US major general killed in Afghan insider attack
KABUL — A gunman thought to be an Afghan soldier opened fire Tuesday on foreign troops at an officers’ training school, killing an American two-star Army general, military officials said.
In a condolence statement late Tuesday, Army Chief of Staff Gen. Ray Odierno identified him as Maj. Gen. Harold Greene, deputy commanding general of the Combined Security Transition Command, charged with preparing Afghan forces for the departure of U.S. coalition-led combat troops by the end of the year.
Greene was the highest-ranking U.S. officer killed in an attack since Army Lt. Gen. Timothy J. Maude died in the 9/11 strike at the Pentagon.
TIMELINE | The history of insider attacks in Afghanistan
More than a dozen other coalition troops, including a German general, were also wounded in the attack, Afghan and international officials said.
“Our thoughts and prayers are with Maj. Gen. Harold J. Greene's family, and the families of our soldiers who were injured today in the tragic events that took place in Afghanistan,” Odierno said in written statement. “These soldiers were professionals, committed to the mission. It is their service and sacrifice that define us as an Army.”
Pentagon press secretary Rear Adm. John Kirby said the shooter was thought to be an Afghan soldier who launched his attack during a routine site visit at the Marshal Fahim National Defense University. But he said he could not provide an account of the incident or identify the shooter, who was killed.
A U.S. defense official said earlier that about a dozen U.S. servicemembers were wounded.
Kirby said ISAF and Afghan officials would jointly conduct the investigation.
The German military said in a news release that at least 15 ISAF members were wounded. It said the German brigadier general’s injuries were not life-threatening.
According to the German release, the attack occurred during a “key leader engagement.”
Maj. Gen. Zahir Azimi, spokesman for the Afghan Defense Ministry, said a man in an Afghan army uniform opened fire. He said the shooter was killed.
In a statement, the Taliban called the attacker a “patriot” but did not confirm or deny that the insurgent group played any role.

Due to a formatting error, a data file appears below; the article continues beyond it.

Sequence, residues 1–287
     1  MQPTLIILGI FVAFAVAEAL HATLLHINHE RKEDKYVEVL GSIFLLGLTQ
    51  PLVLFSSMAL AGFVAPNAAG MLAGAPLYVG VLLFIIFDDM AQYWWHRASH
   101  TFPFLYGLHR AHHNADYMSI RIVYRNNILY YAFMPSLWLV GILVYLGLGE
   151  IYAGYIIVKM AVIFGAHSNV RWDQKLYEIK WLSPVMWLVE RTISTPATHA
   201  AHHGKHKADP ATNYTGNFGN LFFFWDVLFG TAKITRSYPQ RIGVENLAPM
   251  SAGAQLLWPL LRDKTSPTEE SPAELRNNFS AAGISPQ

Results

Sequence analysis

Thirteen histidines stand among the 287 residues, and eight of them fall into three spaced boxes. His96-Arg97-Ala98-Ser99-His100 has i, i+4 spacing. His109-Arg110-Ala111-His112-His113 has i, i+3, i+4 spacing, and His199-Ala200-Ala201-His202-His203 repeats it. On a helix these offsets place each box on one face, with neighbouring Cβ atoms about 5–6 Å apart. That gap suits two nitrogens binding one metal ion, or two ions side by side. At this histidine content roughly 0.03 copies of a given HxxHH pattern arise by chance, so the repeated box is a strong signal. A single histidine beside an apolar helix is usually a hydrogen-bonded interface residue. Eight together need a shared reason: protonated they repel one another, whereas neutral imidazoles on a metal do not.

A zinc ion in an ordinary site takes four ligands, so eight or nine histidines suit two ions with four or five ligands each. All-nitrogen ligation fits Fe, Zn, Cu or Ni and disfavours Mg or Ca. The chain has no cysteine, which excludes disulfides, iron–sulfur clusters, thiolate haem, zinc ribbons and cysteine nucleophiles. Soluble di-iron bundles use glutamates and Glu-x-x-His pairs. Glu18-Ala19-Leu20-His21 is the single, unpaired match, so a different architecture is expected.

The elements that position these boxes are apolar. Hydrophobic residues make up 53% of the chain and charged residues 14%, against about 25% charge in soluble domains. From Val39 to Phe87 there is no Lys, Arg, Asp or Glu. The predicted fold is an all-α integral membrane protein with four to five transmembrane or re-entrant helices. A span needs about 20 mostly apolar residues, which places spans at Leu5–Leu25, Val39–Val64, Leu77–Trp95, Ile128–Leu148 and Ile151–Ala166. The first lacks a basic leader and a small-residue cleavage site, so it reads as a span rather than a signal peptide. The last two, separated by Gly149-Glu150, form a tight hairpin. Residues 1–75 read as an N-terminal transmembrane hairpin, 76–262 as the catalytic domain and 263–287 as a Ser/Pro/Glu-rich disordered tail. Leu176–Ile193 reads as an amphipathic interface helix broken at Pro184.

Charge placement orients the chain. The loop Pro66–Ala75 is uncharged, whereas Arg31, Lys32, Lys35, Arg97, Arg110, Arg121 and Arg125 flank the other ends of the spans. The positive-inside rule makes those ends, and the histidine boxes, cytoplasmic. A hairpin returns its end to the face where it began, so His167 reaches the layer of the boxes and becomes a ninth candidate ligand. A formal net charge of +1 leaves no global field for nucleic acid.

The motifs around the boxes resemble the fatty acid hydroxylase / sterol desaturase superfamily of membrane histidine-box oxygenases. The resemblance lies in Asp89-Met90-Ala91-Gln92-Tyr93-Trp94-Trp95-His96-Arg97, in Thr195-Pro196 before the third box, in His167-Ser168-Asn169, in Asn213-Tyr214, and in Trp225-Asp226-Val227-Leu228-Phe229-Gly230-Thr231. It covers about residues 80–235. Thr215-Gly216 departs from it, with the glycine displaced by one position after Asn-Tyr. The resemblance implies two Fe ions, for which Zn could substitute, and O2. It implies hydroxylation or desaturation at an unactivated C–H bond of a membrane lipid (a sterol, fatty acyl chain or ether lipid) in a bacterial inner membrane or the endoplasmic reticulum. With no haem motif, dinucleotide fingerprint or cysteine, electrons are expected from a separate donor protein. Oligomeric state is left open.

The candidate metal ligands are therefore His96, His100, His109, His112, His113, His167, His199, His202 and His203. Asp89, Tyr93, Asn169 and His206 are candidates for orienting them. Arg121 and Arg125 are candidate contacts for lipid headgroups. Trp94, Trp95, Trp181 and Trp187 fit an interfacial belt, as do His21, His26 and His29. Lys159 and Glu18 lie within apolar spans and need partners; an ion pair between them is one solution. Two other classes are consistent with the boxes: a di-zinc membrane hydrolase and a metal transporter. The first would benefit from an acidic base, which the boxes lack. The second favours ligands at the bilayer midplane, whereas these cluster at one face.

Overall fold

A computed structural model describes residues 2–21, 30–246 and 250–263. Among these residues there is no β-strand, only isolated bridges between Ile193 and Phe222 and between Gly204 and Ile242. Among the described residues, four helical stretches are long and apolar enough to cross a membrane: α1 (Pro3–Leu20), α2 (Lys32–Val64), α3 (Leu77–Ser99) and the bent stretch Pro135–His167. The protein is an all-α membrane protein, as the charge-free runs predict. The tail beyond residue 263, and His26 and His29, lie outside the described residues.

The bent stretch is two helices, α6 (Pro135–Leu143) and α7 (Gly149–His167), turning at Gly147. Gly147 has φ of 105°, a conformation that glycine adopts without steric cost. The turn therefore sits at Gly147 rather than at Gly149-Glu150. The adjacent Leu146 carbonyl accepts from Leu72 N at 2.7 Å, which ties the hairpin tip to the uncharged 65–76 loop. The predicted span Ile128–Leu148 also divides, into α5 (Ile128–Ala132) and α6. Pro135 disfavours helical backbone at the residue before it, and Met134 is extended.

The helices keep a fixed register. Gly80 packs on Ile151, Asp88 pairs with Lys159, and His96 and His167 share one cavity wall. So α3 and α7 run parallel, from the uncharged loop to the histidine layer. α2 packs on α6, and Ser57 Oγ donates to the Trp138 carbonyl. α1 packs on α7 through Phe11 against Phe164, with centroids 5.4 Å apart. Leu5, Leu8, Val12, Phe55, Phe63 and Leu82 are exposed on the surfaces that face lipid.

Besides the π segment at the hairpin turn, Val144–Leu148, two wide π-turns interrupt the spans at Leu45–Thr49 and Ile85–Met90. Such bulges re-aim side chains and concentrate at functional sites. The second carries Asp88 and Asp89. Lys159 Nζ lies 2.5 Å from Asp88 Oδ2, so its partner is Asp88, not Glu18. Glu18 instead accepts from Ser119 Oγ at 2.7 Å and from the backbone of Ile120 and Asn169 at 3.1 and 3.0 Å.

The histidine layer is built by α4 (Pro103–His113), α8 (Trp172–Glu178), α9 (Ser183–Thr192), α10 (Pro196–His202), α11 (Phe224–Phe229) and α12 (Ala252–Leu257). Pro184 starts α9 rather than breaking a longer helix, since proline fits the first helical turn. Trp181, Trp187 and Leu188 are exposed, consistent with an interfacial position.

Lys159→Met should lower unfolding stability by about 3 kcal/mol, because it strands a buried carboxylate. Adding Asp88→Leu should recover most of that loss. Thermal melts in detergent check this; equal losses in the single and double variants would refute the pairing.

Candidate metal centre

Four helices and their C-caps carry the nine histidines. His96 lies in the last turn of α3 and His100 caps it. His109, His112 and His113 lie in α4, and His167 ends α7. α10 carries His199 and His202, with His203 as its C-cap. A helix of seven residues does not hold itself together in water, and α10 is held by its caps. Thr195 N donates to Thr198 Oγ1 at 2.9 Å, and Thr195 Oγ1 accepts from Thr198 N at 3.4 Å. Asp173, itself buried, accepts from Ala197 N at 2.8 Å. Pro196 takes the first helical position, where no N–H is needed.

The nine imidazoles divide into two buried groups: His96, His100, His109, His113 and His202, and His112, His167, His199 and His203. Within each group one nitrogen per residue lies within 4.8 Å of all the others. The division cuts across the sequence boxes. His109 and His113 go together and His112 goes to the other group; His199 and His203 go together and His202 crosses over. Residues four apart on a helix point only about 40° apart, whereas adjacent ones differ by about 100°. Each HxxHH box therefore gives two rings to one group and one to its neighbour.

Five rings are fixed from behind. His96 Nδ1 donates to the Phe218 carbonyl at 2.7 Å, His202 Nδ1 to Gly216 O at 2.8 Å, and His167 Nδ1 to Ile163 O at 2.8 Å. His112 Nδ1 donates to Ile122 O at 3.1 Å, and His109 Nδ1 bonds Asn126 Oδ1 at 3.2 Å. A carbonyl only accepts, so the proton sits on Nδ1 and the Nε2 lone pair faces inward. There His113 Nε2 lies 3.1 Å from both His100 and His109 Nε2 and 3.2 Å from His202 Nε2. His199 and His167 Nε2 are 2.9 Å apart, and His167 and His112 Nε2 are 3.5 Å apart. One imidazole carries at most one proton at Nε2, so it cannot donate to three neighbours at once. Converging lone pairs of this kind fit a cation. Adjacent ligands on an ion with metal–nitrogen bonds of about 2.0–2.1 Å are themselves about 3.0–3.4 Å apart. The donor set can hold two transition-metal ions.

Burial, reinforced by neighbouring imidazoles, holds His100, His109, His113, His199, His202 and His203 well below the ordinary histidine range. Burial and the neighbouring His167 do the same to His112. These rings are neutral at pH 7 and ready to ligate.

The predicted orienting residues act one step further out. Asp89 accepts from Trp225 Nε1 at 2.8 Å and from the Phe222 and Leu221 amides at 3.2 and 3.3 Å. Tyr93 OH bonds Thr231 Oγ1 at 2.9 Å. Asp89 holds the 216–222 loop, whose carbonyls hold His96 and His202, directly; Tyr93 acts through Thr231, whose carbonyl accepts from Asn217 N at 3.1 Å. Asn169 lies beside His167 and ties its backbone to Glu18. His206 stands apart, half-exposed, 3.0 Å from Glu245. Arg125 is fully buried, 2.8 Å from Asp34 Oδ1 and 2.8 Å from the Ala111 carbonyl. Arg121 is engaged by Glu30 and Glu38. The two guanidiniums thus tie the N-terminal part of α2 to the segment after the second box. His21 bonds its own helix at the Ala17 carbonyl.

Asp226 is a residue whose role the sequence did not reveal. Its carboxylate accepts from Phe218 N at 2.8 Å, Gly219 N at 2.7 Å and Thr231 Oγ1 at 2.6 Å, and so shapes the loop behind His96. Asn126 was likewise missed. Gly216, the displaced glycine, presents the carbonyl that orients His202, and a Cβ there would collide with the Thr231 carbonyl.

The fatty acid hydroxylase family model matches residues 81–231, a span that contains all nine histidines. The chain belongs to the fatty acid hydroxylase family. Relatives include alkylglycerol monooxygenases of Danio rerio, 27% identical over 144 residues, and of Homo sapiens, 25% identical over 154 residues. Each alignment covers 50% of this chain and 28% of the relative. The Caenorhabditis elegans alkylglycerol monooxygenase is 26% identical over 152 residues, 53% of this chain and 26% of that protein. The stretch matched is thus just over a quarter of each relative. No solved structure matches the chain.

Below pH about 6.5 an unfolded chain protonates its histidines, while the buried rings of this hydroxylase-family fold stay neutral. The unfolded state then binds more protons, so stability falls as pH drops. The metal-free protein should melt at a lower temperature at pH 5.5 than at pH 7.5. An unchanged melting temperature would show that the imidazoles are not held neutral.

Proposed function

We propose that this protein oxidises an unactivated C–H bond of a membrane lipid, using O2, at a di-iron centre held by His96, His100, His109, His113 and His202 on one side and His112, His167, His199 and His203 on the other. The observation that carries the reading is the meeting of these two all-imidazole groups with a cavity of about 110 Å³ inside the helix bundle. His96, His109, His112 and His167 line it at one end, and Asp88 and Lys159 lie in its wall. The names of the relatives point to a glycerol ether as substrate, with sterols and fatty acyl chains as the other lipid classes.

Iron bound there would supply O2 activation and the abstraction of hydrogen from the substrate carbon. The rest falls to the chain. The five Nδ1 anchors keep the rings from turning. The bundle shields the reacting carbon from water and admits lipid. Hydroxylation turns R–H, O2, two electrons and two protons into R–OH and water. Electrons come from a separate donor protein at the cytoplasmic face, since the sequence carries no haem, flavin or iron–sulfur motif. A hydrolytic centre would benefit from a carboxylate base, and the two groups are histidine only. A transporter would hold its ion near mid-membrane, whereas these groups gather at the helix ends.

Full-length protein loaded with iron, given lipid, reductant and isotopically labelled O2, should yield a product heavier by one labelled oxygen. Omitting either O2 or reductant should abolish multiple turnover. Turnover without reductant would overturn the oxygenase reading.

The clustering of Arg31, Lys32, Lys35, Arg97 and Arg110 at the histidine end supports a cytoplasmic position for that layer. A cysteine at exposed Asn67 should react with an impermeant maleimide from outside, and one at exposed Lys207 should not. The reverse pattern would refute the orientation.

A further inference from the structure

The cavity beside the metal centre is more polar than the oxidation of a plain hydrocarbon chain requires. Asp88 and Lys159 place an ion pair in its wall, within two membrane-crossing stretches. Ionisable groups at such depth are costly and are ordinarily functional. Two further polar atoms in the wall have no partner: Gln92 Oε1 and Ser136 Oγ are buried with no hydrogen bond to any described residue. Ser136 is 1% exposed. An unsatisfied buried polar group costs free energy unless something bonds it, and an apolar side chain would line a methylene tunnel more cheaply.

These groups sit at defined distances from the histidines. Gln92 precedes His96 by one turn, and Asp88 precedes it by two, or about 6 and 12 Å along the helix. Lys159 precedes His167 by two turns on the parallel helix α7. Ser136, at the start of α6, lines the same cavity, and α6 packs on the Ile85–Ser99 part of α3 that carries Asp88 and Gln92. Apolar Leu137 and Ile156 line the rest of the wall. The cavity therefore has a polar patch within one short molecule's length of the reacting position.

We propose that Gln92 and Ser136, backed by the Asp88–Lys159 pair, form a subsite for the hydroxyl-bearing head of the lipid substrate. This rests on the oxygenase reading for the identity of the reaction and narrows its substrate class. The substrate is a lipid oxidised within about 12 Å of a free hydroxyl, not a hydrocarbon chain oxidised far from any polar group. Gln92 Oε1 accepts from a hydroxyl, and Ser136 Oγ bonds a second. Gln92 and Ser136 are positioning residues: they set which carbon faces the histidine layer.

Greene was commissioned in 1980 as an engineering officer and held a number of research and development and acquisitions-related postings.
Prior to his assignment in Afghanistan, he served as deputy for acquisitions and system management for the assistant secretary of the Army for acquisition, logistics and technology. Before that, he was the deputy commanding general of U.S. Army Research, Development and Engineering Command and commanded the Soldier Systems Center at Natick, Mass., according to an Army biography.
The national defense university includes the British-run Afghan National Army Officers’ Academy. It also will include a higher military school, along with schools for noncommissioned officers and sergeants major, as well as a defense language center.
The officers’ academy, which opened last fall, is a modern training facility tasked with educating Afghanistan’s new, professional military leadership. British instructors will continue overseeing the school after all foreign combat troops leave at the end of this year.
Insider attacks such as Tuesday’s spiked in 2012, prompting ISAF to enact stricter security measures to protect its troops from the Afghans they were working with.
In recent months, the number of insider attacks has dropped significantly as protective measures were continued and fewer international troops worked directly with Afghan forces.
In June, two coalition servicemembers were wounded in a suspected insider attack at a police station. In February, two U.S. Special Forces soldiers were killed and four others were wounded when a suspected member of the Afghan security forces opened fire on them. And in April, an Associated Press journalist was killed and another seriously wounded when a police commander opened fire on them inside a heavily guarded Afghan security forces base in eastern Afghanistan.
The safety of international advisers will continue to be an issue if Afghanistan agrees to a U.S. plan that would keep thousands of American troops in the country until the end of 2016.
But Kirby said the attack was unlikely to change the strategy for the final months of the NATO combat mission — due to conclude at the end of the year — or for the post-2014 advisory and training mission.
“I don’t see any impact to the current plans to draw down our forces in Afghanistan or to further support the Resolute Support mission next year,” he said.
In a statement, the U.N. Assistance Mission in Afghanistan expressed condolences.
“The attack on these servicemen is a tragedy,” Jan Kubis, the head of UNAMA said.
Zubair Babakarkhail, Marcus Kloeckner and Stars and Stripes reporters Chris Carroll, Jon Harper and Slobodan Lekic contributed to this report.